The dollar jumped on Tuesday to a five-year high against the Japanese yen as traders cranked up their bets on Federal Reserve interest rate rises, in a move that analysts say could herald broader gains for the US currency in 2022.
A 0.7 per cent rise for the dollar carried it above ¥116 for the first time since early 2017. The gains are a sign that fears over the Omicron coronavirus variant are ebbing in markets, leaving traders to focus on the outlook for monetary policy in the US and elsewhere, according to Lee Hardman, a currency analyst at MUFG.
“The scaling back of fears over Omicron disruption for the global economy has encouraged market participants to refocus on the prospect of major central banks tightening policy in the year ahead,” Hardman said. Given the Bank of Japan is widely expected to keep rates on hold for the foreseeable future, it is “not surprising” to see a rise in US bond yields this week lift the dollar against the yen, he added.
The euro also lost ground against the dollar in the first days of the new year, falling 0.8 per cent to $1.128, although it remains above its November low of just below $1.12.
Data from the Commodity Futures Trading Commission show that investors are positioned for further gains for the greenback against both the euro and the yen — a contrast with the market consensus for much of 2021, when there were sizeable bets against the dollar.
“The market has completely changed its mind,” said Jane Foley, head of currency strategy at Rabobank. “People were caught short when the Fed kicked off the conversation about 2022 rate hikes back in June, and that reversal was cemented in December.”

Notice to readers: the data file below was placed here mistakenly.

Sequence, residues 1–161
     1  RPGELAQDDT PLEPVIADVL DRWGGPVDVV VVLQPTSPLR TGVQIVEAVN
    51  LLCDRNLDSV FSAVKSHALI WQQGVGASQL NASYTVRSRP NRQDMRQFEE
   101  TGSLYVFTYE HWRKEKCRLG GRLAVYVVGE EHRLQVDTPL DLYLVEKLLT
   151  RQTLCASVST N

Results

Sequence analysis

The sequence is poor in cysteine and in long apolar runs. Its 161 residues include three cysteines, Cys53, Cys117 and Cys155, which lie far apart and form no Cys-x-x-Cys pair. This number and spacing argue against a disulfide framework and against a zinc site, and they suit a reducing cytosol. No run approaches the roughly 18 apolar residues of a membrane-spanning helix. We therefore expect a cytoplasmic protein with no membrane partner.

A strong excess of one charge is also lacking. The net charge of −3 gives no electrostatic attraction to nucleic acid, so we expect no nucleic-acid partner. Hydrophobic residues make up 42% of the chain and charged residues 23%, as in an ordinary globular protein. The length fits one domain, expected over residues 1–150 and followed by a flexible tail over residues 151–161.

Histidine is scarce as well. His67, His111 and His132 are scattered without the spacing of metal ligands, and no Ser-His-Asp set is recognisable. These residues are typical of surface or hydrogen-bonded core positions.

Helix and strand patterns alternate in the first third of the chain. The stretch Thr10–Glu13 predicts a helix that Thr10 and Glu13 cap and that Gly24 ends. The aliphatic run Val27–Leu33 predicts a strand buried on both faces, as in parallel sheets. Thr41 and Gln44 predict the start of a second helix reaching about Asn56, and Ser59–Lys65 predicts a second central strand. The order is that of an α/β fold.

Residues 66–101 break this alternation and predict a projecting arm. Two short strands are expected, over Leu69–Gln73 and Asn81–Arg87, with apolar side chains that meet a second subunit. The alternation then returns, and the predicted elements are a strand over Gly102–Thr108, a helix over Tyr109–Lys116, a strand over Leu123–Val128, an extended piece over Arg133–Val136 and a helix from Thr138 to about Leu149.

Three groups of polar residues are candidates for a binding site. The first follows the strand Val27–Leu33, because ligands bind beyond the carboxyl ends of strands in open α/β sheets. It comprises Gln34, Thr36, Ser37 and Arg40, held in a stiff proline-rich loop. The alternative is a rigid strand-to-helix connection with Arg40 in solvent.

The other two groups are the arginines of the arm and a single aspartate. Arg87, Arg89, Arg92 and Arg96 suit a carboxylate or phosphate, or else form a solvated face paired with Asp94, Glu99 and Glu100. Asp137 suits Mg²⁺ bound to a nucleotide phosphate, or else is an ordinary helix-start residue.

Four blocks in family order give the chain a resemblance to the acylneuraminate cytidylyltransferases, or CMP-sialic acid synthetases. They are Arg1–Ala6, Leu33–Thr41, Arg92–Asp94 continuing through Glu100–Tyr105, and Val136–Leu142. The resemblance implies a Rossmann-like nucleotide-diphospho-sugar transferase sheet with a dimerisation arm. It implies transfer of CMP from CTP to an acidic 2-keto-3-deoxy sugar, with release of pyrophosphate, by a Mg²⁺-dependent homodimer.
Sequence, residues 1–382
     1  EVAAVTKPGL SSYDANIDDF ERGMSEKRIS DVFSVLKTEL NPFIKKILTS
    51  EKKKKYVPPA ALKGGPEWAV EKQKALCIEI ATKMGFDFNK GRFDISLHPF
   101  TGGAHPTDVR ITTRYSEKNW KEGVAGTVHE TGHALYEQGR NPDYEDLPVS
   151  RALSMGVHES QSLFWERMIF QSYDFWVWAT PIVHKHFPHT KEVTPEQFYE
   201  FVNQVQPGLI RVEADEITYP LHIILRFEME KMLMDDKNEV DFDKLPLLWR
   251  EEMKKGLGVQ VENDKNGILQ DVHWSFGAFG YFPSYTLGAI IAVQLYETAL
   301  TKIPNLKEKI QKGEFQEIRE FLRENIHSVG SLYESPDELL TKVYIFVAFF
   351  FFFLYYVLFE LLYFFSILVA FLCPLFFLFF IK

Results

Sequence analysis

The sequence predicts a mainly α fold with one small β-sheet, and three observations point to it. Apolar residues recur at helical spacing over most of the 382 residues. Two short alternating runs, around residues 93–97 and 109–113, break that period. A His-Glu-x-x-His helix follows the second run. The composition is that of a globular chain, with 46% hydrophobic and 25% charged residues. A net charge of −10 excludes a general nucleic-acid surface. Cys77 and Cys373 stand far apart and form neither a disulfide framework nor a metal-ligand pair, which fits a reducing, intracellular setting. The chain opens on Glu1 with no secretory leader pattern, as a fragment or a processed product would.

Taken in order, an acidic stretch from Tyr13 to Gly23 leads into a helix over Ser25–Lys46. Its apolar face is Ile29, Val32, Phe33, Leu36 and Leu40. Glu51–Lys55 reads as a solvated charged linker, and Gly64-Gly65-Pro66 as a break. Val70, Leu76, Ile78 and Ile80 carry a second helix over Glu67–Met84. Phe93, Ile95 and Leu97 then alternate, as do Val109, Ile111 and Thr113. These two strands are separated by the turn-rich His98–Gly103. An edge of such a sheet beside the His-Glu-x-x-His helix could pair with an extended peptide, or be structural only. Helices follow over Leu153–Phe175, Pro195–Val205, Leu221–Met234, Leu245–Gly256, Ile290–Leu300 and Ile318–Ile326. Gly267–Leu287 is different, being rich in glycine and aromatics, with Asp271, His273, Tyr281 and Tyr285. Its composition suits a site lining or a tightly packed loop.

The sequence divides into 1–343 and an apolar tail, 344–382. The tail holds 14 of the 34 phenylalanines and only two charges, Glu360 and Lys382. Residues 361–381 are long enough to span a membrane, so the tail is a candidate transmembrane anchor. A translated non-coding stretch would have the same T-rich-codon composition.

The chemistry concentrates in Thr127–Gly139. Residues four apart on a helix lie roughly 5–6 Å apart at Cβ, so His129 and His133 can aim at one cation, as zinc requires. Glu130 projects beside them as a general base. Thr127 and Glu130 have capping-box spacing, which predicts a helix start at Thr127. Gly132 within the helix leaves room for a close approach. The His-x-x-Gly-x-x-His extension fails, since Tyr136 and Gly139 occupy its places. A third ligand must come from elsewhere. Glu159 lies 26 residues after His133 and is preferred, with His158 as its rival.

Officials at the US central bank indicated at their policy meeting last month that they expect to raise rates three times this year, in a bid to tame high inflation. A sell-off in US government bonds on Monday, which pushed US two-year Treasury yields to their highest level since the start of the pandemic, suggested that investors were coming around to the same view — with roughly three increases priced for 2022.
Given the pace of US inflation, which shot to a 30-year high in November, the Fed may end up moving faster — further boosting the dollar — according to Athanasios Vamvakidis, head of G10 foreign exchange strategy at Bank of America.
“We think the market is not pricing enough for the Fed,” he said. “Global growth usually means a weaker dollar, but instead we have this uneven recovery and overheating US economy.”
So far, the prospect of higher borrowing costs has done nothing to derail the rally in risky assets like stocks. But if it does, nervous investors are likely to flee to the relative safety of the dollar, Vamvakidis said. “That’s not our base case, but a risk-off move means even more upside for the dollar,” he added.
Although the surge in inflation has also affected economies outside the US — notably the euro area — a lower starting point and a record of more sluggish price rises means the European Central Bank is likely to tighten policy more slowly, investors argue.
“Other central banks around the globe probably won’t be able to match the tightening the Federal Reserve is set to deliver,” said Jonathan Baltora, head of FX at Axa Investment Managers. “Inflation is just a much bigger problem in the US — it’s only the UK that is possibly facing something similar.”